84453 Mühldorf a. Inn
A bike tour for culture lovers
Arrive relaxed and use rental bikes from the local rental companies. The capacity for taking bicycles on trains is limited and taking your own bike on the train cannot be guaranteed, depending on the capacity.
Our tip: Please make sure to check your train connection and the expected capacity before you start your journey.
From the station, walk one and a half kilometres to Hotel Mühldorf. First follow Bahnhofstraße, then Bahnhofsfußweg southwards until you reach Stadtplatz street.
Depending on availability, Hotel Mühldorf offers to rent e-bikes, and a children's e-bike is also available for rent.
However, you should enquire in advance by phone or email whether rental bikes are available and should register for the rental.
Mühldorf a. Inn
Now start the ride to Altötting, which leads along the banks of the Inn for long stretches. At the height of Winhöring you will pass the Silbersee. In the summer months, the lake is popular for swimming and its shores for sunbathing.
At Neuötting you cross the Inn and cycle along the Prälatenweg, a nature discovery trail, along the Mörnbach into Altötting. At the end of the Prälatenweg, you come directly to the Papal Basilica of St. Anna.
With a length of 83 metres, a height of 24 metres and a vault width of 27 metres, the Basilica of St. Anna is one of the largest churches built in Germany in the 20th century. 8,000 people can be seated in the church. In 1913, one year after it was consecrated, Pope Pius X granted it the rank of a papal basilica. Visitors therefore see the coat of arms of the current pope above the portal.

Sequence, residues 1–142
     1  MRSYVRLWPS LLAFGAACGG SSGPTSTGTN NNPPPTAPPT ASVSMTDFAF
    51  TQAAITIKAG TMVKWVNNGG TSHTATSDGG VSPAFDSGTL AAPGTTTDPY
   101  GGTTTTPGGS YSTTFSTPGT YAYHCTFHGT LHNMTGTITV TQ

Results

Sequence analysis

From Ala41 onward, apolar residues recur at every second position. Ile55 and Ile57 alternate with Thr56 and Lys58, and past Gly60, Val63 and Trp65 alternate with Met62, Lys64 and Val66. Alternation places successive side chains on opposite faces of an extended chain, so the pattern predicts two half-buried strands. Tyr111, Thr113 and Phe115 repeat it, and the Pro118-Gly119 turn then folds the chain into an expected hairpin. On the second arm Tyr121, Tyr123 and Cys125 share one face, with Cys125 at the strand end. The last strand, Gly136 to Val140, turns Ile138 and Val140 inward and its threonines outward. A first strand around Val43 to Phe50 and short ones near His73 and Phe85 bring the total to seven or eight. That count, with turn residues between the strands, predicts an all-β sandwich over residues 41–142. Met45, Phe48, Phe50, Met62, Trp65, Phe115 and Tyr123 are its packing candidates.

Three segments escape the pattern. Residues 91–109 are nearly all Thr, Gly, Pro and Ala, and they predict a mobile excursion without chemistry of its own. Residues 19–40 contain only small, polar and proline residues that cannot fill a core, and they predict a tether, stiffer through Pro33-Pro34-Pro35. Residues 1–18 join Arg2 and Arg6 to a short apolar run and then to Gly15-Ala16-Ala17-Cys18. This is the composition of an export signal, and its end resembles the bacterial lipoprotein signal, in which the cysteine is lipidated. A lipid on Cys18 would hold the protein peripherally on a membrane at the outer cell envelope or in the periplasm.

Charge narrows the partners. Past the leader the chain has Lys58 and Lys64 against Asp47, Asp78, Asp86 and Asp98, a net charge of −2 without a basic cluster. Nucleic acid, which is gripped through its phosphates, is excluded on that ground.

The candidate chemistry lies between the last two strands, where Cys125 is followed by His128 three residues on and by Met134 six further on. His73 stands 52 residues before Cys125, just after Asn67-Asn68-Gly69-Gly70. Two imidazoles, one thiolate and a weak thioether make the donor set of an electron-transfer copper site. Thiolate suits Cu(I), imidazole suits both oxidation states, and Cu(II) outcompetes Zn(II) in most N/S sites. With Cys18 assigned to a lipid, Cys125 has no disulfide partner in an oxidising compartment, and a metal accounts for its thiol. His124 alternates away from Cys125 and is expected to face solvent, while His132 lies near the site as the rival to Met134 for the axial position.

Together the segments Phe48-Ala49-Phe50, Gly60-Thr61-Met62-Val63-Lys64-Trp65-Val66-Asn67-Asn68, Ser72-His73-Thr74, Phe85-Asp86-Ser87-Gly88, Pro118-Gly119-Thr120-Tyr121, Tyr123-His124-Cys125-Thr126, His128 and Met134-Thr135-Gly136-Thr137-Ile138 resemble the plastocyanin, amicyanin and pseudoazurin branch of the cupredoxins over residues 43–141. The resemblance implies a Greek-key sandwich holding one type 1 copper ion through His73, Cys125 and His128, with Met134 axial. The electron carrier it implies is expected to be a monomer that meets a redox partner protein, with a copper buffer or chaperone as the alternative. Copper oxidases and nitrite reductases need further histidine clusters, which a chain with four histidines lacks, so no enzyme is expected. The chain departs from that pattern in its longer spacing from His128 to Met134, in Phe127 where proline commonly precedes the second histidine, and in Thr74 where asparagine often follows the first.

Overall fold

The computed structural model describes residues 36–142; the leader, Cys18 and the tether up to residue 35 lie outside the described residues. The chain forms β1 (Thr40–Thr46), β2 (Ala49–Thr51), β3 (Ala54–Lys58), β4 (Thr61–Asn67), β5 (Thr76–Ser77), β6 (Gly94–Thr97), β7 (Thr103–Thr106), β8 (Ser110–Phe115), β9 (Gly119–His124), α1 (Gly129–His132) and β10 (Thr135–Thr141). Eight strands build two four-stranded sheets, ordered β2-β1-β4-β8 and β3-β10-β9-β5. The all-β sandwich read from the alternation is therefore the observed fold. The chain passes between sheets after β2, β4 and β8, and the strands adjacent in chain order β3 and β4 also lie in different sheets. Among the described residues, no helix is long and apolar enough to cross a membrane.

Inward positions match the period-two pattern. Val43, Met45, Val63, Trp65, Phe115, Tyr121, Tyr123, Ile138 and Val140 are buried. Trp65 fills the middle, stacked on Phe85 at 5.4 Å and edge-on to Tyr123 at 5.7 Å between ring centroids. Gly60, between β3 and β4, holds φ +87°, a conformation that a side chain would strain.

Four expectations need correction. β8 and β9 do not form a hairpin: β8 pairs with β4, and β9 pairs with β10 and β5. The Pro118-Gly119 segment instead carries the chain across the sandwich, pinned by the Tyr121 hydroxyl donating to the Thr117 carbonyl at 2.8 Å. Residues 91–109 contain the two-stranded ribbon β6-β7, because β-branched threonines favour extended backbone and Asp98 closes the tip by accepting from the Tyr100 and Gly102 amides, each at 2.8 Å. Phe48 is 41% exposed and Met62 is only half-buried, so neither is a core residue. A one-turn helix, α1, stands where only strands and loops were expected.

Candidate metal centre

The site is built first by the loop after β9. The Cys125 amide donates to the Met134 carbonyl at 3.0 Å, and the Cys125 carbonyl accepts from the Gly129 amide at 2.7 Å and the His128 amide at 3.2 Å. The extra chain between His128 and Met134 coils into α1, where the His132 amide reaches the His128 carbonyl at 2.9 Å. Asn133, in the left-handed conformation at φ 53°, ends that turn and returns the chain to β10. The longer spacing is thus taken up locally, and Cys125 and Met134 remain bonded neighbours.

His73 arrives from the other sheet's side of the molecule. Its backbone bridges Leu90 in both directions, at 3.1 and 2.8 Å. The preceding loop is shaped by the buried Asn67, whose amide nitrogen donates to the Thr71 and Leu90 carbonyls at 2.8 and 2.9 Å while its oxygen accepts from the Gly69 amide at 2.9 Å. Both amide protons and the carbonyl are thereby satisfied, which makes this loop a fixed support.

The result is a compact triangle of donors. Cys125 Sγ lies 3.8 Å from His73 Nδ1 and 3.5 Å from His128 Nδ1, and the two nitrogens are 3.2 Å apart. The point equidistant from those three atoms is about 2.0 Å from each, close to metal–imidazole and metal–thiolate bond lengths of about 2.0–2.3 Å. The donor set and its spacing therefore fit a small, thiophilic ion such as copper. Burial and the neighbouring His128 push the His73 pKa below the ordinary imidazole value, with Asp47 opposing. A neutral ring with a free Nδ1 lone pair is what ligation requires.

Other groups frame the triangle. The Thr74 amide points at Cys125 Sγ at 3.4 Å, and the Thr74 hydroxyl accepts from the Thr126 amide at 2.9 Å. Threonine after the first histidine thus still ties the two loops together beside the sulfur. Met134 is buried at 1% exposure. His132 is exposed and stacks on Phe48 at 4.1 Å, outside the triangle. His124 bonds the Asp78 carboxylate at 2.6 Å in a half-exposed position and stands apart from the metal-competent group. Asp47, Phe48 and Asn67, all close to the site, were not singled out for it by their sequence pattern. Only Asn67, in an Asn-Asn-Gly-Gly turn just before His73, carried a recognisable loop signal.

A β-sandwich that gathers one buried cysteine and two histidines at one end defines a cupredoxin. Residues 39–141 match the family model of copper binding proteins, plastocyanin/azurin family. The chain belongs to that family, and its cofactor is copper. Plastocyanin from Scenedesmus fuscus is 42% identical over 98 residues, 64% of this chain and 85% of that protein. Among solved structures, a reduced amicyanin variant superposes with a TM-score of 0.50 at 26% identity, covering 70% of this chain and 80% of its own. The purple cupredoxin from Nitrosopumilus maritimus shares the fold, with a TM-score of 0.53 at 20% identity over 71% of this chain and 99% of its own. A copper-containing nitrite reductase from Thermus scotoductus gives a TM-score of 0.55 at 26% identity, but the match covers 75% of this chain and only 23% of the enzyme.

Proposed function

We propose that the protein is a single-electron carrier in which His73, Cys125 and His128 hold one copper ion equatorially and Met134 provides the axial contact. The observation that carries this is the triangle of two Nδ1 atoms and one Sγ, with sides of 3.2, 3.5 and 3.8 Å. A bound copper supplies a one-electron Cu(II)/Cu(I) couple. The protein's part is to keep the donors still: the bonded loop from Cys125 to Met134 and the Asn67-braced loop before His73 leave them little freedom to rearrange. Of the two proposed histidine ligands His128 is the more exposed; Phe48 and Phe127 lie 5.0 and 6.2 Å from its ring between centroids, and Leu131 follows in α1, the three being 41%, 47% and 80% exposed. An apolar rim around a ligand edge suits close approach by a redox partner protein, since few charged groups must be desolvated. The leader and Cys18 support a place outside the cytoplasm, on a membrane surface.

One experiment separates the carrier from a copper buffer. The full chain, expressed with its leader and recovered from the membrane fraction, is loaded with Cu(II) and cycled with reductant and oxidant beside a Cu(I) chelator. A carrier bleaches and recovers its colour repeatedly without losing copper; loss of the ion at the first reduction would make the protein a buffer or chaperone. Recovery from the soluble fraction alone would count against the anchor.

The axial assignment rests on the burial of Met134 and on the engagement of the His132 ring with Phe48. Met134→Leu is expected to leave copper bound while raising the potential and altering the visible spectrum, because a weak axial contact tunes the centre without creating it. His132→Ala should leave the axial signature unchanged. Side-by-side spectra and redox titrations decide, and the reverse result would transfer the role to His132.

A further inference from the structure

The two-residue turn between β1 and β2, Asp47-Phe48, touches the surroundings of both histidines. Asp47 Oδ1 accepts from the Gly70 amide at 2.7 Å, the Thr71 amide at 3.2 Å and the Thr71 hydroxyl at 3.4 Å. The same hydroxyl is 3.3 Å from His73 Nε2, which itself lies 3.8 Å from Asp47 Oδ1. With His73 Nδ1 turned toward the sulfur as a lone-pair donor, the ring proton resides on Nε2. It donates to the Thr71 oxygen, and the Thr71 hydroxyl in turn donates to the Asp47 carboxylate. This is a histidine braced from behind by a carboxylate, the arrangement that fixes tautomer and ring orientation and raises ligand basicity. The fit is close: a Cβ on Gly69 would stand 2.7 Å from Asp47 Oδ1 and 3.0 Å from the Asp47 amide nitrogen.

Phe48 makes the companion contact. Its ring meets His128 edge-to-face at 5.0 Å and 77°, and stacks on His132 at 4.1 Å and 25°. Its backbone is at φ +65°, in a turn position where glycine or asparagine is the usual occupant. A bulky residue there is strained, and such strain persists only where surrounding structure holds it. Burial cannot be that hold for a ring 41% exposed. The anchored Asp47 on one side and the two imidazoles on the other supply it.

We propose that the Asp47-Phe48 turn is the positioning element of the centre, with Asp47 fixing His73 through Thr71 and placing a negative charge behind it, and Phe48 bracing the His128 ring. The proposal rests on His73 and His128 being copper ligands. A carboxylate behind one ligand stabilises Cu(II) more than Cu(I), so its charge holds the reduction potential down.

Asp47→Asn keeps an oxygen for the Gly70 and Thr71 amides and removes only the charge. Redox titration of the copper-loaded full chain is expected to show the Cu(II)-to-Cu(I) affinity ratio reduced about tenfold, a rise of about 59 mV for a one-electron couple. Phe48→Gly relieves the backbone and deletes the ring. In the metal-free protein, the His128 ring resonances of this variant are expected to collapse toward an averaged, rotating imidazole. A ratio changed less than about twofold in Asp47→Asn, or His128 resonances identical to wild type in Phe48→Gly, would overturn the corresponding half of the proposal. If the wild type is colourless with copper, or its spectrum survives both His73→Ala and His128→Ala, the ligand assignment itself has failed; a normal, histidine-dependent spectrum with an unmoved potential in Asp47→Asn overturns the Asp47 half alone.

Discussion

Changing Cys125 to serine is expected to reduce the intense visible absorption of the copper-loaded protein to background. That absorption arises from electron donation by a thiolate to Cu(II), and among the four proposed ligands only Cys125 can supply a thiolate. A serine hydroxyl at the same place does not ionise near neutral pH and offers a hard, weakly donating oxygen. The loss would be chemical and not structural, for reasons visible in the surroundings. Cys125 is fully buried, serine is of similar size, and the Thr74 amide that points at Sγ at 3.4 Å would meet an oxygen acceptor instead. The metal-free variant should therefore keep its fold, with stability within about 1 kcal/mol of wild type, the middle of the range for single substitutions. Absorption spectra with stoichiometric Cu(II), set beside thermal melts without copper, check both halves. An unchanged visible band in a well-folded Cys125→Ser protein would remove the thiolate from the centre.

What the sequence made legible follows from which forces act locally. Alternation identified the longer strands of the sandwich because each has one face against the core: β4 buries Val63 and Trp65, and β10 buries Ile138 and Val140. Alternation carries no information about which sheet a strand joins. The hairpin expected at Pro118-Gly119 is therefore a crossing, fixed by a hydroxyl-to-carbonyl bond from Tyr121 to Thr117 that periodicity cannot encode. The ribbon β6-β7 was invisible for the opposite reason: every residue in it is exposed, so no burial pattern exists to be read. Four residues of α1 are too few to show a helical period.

Such a large church had become necessary because the number of pilgrims was increasing. There had already been plans for a large church building in Altötting in the 17th century. With the connection to the railway network at the end of the 19th century, even more people flocked to the place in the hope of finding spiritual answers to their respective questions of life.
The architect Johann Baptist Schott designed the church around 1909 in neo-baroque style.
The 12 side altars and the magnificent high altar are considered to be culturally special. The altarpiece is by Leonard Thoma, a Munich artist. It shows Saint Anne with the still youthful Mary. The ornate gable of the entrance façade rises three storeys. The sculptures on the lower level show the ancestors of Christ, but the highest point is decorated with a relief painting of St. Anne, Mary and the infant Jesus.
Just a few steps away from the basilica, you enter Altötting's Kapellplatz and approach the sites that pilgrims still visit today. But first you will learn everything about the legendary miracles of this place and the history of pilgrimages to Altötting in the diorama show.
The big world in miniature. As a visitor, you stand in front of it in amazement, like a giant and a time traveller at the same time. Scenes from Altötting's 500-year history of pilgrimage open up in vivid vividness. After the first miracle of the Virgin Mary in the 15th century, there were other events that were interpreted as expressions of special divine grace and are shown here in the diorama. The history of the pilgrimage itself, rituals and highlights with religious practice are also staged here.
22 spatial pictures, painted in colour, modelled from clay and other materials and illuminated with all depth - these works of art were created by the painter Hans List, the painter and sculptor Reinhold Zellner with his wife Dora in the years 1957-59.
In the film room of the Altöttinger Marienwerk there is a historical treasure of a completely different kind to marvel at: historical films. One of these is the famous Altöttinger Marienfilm from 1950, a documentary film that is probably the most frequently played film of its genre.
In the middle of Kapellenplatz you will find Altötting's historic place of pilgrimage, the Chapel of Grace. According to legend, this is where the first two miracles of Mary took place.